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Foreign ballet dancers leave Russia over war with Ukraine

SANTA MONICA, CALIFORNIA (AP) – Ballet dancers Adrian Blake Mitchell and Andrea Lassakova moved to Russia years ago to chase their dream of performing with the best in a country where people live and breathe ballet.

But days after Russia invaded Ukraine, the couple uprooted their lives and left behind their prized jobs with the prestigious Mikhailovsky Ballet Company in St Petersburg.

Mitchell, who is American, and Lassakova, who is from Slovakia, are among the dozens of foreign dancers who have left Russia since the war started in February. The two are now in the United States (US), preparing for a performance in Southern California.

They said the war is bound to take Russian ballet back to the isolation of the Soviet era.

Russia opened its ballet world to the West in the decades after the Soviet Union’s collapse. In 2011, American ballet dancer David Hallberg became the first foreigner to be named a principal dancer at the storied Bolshoi Ballet.

But in recent weeks, Russian ballet companies have experienced backlash over the war. The Bolshoi Ballet and Mariinsky Ballet companies, Russia’s most renowned ballet institutions, performed in the US every year as part of their international tour, but already performances scheduled for this year have been cancelled.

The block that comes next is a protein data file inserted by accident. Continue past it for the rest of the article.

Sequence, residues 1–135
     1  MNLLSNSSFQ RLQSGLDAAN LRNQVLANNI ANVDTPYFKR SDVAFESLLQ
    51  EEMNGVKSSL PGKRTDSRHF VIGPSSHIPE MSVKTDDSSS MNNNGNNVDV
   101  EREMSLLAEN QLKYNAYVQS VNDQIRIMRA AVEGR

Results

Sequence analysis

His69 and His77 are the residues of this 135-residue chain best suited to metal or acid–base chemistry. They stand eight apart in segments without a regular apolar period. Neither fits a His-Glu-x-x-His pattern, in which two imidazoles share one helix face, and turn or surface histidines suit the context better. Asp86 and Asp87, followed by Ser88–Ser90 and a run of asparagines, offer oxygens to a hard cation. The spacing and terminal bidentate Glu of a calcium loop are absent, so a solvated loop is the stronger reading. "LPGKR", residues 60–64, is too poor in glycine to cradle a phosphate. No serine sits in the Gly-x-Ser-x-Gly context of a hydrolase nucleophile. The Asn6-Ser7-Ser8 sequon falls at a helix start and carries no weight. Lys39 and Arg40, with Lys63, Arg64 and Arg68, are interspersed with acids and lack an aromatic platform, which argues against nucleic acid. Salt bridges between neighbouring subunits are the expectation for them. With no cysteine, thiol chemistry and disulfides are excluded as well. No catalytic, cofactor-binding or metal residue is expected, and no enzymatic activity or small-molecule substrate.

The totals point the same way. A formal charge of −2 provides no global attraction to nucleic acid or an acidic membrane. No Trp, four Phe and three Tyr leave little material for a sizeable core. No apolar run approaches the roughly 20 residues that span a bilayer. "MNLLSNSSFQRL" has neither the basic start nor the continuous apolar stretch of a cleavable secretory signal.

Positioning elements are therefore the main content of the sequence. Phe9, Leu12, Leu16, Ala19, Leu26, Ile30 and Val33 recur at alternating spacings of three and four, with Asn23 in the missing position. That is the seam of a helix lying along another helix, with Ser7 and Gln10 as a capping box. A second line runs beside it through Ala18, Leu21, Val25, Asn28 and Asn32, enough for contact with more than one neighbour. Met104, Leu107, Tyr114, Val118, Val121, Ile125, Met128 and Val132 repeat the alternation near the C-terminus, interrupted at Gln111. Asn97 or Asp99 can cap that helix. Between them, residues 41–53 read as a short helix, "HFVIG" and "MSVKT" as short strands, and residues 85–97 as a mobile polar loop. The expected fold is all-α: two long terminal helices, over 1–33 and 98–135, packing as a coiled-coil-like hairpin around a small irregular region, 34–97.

Andrea Laššáková and Adrian Blake Mitchell rehearse in Santa Monica, California. PHOTO: AP

“It feels like we’re going backward in time in a lot of ways,” Brandt said.

Mitchell and Lassakova lived in Russia for seven years but decided to leave the country in early March after Russian troops invaded Ukraine and as rumours of martial law, financial collapse and the loss of liberties loomed. They hired a taxi and hurriedly left with their dog for Estonia.

While in Russia, the pair didn’t involve themselves in politics, despite seeing many pro-democracy protesters marching outside their apartment. But once across the border, and now in the US, the dance partners have been vocal about their opposition to the war.

Russian ballerina Olga Smirnova quit the Bolshoi Ballet last month to protest the Russian invasion. She now dances with the Dutch National Ballet.

Since arriving in the US, Mitchell and Lassakova have been travelling the country, doing benefit performances and giving talks in support of Ukraine. They are currently rehearsing at Santa Monica’s Westside Ballet for a performance of Russian choreographer Oleg Vinogradov’s Barber’s Adagio.

It’s a ballet Mitchell and Lassakova performed in St Petersburg. Now they fear they may never dance in Russia again.

“Russian ballet is definitely going to be totally isolated,” Mitchell said. “Isolated from the West.”

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